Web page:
NDSM Docklands is a stunning setting for techno—of which there was plenty. During the lengthy ten-day set up more than 200 shipping containers were brought to the site, some of which would eventually form venues for the music.

It was industrial to the core—while we’re not always fans of huge warehouses, in this instance these settings worked, and the whole area was cleverly used (not least positioning Red Bull Music Academy Radio at the top of a crane overlooking the entire area). Meanwhile, with those after-parties taking over from 11PM at the same location, if you were powering through until morning it didn’t take long to reach the next destination.

In terms of overall festival experiences, DGTL was hard to fault.

DGTL ranks amongst the most fun we’ve had in the last 12 months–and definitely the most fun we’ve ever had in a place once used for the loading and unloading of goods from boats.

In addition to laughs, of which there were plenty, the execution was impressive. The standard of food was high, with everything from real burgers (i.e., not frozen suggestions of beef) to fresh pizzas available. The sound systems in every area were good, albeit not mind-blowing. The atmosphere from start to finish was truly infectious; smiles, handshakes, hugs and shared medicines. Oh, and thanks to a moneyless payment system involving topping up innovative smart-wristbands, we can’t really remember queueing for very long- whether at the bar or obligatory sausage stand.

 TD-20150405-DGTL-007-5687

Interactive sustainability is a real thing here.

OK, so festivals with an environmentally aware policy are nothing new, or indeed particularly unique. Nevertheless, DGTL’s approach to not causing much of an impact on the environment was impressive.

Billed as DGTL Revolution, the organizers were actively experimenting with a variety of power sources over the course of the weekend to gauge which worked best. These included wind turbines, a hydro-pumping station, solar panels and a human power station whereby passersby could hop on an exercise bike and, using the revolutions of the wheel, generate their own electricity. Meanwhile, the Electric Hotel—basically a place to charge your phone- was similarly running on renewables, and very useful at 10PM.

Happa is a name you should remember.

It’s safe to say we heard some solid sets during the course of our stay, but first prize has to go to the ridiculously enjoyable and refreshingly varied U.K. upstart, Happa. Finishing off the Stereo stage—a.k.a. a wrought iron bunker—on the final day needed something special, and Happa was it.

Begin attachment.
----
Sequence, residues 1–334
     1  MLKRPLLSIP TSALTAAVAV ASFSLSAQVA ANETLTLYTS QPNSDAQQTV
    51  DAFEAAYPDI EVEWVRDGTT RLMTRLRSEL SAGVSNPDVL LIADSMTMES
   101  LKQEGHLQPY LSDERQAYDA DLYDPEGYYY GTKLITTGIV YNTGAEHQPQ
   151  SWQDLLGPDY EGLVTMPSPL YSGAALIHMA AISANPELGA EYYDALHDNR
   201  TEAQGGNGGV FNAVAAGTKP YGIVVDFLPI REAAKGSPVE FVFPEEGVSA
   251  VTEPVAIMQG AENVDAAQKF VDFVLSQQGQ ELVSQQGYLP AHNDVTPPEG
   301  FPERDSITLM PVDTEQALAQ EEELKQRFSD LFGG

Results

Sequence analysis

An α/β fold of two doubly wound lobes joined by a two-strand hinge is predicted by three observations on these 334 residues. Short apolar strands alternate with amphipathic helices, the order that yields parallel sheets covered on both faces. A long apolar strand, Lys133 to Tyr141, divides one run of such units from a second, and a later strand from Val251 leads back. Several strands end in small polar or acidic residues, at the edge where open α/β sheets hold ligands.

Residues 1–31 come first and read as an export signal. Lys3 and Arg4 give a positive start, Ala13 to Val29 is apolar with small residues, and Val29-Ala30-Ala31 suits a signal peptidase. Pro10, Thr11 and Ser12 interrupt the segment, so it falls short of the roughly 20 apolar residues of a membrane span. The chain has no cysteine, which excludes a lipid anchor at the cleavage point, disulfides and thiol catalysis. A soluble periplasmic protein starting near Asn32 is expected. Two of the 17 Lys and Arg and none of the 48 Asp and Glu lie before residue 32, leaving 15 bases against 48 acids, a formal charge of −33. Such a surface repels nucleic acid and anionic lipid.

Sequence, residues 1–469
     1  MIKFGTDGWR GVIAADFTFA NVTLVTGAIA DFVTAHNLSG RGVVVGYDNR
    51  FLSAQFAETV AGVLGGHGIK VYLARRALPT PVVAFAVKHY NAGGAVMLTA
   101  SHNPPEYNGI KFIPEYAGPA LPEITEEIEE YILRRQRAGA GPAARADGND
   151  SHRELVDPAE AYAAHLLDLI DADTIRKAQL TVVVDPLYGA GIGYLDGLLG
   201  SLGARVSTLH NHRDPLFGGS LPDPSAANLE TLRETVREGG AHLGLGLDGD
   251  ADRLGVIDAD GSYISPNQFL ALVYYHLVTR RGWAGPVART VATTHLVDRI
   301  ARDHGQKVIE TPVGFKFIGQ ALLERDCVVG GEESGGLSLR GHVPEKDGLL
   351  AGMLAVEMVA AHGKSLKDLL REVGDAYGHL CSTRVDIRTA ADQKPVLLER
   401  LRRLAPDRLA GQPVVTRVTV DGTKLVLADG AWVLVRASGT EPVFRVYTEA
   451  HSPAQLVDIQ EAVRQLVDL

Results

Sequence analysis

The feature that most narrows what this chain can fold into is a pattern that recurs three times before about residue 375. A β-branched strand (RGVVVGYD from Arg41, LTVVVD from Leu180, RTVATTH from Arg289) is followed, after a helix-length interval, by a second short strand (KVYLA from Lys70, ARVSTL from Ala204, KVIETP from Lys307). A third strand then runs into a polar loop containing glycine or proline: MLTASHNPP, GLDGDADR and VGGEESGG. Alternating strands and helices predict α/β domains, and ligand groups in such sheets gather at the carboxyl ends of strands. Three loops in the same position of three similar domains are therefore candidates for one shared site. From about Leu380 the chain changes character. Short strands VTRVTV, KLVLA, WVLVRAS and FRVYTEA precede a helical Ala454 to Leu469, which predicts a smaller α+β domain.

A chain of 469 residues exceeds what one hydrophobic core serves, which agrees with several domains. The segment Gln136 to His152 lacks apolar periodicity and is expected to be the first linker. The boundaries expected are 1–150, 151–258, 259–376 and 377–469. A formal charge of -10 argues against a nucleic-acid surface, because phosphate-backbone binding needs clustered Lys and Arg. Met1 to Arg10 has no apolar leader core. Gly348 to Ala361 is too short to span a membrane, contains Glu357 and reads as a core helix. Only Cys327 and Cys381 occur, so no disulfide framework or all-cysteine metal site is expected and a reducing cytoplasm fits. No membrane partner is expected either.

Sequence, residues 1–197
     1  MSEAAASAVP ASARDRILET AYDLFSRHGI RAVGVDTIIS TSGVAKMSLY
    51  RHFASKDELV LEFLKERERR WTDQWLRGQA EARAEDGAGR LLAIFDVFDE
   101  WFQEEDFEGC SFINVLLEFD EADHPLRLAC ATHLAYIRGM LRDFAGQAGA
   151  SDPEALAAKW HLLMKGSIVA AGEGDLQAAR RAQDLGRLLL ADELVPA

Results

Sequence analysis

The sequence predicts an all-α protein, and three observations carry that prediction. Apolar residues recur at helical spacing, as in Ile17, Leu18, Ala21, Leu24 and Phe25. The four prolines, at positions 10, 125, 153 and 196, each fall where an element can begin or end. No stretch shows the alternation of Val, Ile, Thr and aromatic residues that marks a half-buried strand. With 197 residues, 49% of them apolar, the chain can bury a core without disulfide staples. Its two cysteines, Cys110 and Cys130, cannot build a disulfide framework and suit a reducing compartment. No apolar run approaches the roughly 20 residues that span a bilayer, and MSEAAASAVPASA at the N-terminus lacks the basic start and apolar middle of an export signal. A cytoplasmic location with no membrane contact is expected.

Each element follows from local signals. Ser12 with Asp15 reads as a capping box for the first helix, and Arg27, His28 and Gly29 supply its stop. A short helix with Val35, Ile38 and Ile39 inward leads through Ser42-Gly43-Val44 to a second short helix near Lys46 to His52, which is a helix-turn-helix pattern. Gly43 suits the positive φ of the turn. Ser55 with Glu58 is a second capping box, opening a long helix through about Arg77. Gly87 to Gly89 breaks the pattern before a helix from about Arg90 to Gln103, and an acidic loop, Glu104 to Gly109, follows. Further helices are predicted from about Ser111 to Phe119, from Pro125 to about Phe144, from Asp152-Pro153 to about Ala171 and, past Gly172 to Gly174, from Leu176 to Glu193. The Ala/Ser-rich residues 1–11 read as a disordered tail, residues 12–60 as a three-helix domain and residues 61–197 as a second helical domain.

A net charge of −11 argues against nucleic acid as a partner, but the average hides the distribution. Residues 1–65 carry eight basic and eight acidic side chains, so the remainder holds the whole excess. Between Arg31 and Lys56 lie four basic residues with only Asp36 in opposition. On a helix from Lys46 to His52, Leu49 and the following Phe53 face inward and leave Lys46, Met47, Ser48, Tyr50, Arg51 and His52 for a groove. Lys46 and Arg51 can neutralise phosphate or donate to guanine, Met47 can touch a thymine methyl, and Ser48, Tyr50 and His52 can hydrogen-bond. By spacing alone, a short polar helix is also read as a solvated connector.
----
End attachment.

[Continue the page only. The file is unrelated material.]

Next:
Following an intense and slightly garish introduction—from both an enthusiastic guy on the microphone and one hell of a huge synth and snare build—Truss's "Brockweir" opened the scoring for some heavy-duty rave-accented techno, riddled with clanging noises and cerated high hats, broken electro drops and bassbin shaking dubstep builders like Tessela’s "Gateway"—concluding with some nifty EQ work, tearing up staccato kicks in a way that left us wanting much, much more.

DGTL P1010129

Michael Mayer and Roman Flugel, minus the sun.

It should have been one of the busiest sets of the weekend- three hours from Kompakt hero Michael Mayer and fellow Germanic heavyweight Roman Flügel. But it didn’t quite work out as planned.

The pair were playing the huge Digital stage, which just 24-hours before had been heaving from front to back. Thanks to the canvass covering, though, and a surprise appearance from the sunshine, we arrived to find it largely empty, with most people standing outside, just in earshot, enjoying the rays. Nevertheless the duo persevered, slowly drawing listeners onto the dancefloor with wonderfully infectious percussive numbers, finishing up with a sizable crowd losing their minds. All good then.

Phono Stage, from start to finish, on Saturday.

Although it’s never a great idea to stay in one fixed spot at a festival boasting six arenas, each with several highlights on their respective bills—not least because it means you can’t go to the bar, or the toilet—we’re always pleased to see a line up that’s so good you could easily choose not to move, if the mood took you. Such was Phono on the first day.

By the time we got there Locked Groove was in charge, and living up to his name with a range of funky but banging tech house stompers that represent the antithesis of the subgenre’s throwaway pap; think Mr. G–in-looped-vocal mode. From there we were treated to Amsterdam's own Steve Rachmad; a live performance from CW/A; the ever impressive Boddika with a set defined by Impact Units’ Tenshin; followed by overall show stealer Makam, who outdid the lot with an array of big-room-yet-heads-down, U.K.–bass-leaning monsters. In short, whoever was responsible for the programming here needs a substantial bonus.

DGTL TD-20150405-DGTL-003-5331

The artistic side of the event was, in a word, mental.

As we already pointed out, DGTL puts an emphasis on aesthetics, and 2015’s edition lived up to our expectations. Which is probably putting it mildly.